The doctor is in
Tyrone ‘Doc’ Bledsoe has a prescription to ensure that young black men attend and finish college: the Student African American Brotherhood
They had been told to arrive by 8:15 a.m., but as is their habit, they’ve arrived early and taken their seats around tables arranged in the shape of a horseshoe. Dressed nearly identically – blazers with white pocket squares, crisp white shirts, pressed trousers, brightly polished shoes – the young African-American men sit up straight, eager and attentive, the day’s agenda spread before them like battle plans.
Dabbing a handkerchief at a patina of perspiration that glistens on his bald head, Tyrone Bledsoe steps before them like a preacher poised to deliver an old-school stemwinder. But this is a Dallas conference room, not a church, and even if it were, fire and brimstone is not Bledsoe’s style. His broad, disarming smile – met with grins from the group – announces without a word what he’s about: love, guidance, support.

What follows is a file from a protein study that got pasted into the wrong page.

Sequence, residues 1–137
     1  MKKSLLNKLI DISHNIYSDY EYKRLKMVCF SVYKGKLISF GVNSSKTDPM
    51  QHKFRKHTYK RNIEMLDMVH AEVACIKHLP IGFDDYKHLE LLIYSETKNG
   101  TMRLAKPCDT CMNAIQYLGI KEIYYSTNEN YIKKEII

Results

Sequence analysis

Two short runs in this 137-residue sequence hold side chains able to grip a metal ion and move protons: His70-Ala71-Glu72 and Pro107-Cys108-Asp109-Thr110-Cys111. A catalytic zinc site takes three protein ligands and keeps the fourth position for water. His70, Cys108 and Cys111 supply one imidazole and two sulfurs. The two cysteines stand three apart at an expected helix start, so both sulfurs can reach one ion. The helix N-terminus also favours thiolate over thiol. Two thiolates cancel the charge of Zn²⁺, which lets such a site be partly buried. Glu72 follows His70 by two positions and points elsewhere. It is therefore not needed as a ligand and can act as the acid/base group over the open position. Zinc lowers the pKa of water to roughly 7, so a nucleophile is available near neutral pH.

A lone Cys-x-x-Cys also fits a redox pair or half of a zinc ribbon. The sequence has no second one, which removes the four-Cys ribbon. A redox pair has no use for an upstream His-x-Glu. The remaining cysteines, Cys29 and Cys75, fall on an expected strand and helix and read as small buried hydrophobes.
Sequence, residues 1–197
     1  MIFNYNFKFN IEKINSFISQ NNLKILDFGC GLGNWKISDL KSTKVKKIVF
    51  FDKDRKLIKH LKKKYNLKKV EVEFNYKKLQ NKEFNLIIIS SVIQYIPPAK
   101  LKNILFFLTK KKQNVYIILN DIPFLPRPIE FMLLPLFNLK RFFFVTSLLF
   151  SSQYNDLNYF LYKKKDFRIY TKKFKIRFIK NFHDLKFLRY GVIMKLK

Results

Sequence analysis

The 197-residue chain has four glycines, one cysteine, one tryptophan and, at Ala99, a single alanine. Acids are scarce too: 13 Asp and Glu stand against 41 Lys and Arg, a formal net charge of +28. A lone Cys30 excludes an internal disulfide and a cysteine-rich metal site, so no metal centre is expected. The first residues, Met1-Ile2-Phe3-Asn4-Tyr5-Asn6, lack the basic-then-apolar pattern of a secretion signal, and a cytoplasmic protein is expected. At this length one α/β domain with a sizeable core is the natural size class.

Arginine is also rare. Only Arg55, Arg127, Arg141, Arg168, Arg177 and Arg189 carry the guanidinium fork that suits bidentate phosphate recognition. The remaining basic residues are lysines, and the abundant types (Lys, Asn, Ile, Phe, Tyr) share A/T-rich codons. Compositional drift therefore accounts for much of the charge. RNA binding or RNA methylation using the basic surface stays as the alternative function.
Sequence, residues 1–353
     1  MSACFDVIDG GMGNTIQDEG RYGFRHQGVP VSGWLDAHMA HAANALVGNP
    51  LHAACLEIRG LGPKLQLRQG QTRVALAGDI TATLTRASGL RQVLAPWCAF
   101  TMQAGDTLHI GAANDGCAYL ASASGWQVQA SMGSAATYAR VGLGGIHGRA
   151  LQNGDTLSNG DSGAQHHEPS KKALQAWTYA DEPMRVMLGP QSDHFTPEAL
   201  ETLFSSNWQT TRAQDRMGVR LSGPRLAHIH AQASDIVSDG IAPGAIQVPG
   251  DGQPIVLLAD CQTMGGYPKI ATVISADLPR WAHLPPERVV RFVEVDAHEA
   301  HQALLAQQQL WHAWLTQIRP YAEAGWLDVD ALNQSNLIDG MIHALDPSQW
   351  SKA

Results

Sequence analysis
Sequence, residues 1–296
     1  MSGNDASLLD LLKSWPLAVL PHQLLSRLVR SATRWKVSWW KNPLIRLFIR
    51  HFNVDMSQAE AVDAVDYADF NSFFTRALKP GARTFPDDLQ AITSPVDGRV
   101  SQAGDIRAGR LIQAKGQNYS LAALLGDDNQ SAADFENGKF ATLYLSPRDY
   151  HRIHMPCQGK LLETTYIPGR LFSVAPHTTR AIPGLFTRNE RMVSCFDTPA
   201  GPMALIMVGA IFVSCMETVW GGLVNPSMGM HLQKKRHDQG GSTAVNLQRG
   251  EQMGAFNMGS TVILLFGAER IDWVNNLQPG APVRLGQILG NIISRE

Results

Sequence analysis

So when Bledsoe leads a call and response, he is rewarded with a chorus of fierce sincerity.
I am my brother’s keeper.
I AM MY BROTHER’S KEEPER!
Together we will rise.
TOGETHER WE WILL RISE!
“Now I want y’all to stand up,” he says, rising to the fullness of his 6-foot-3-inch, 240-pound frame. All eyes are on him as he prowls the room like a big cat. His commanding voice booms out:
“We’re going to do a little exercise. Get y’all loosened up. Get you feeling the energy. Now rub your hands together. You feel that energy? If you can feel it say, ‘Feel it!’”
I FEEL IT!
Say it again!
I FEEL IT!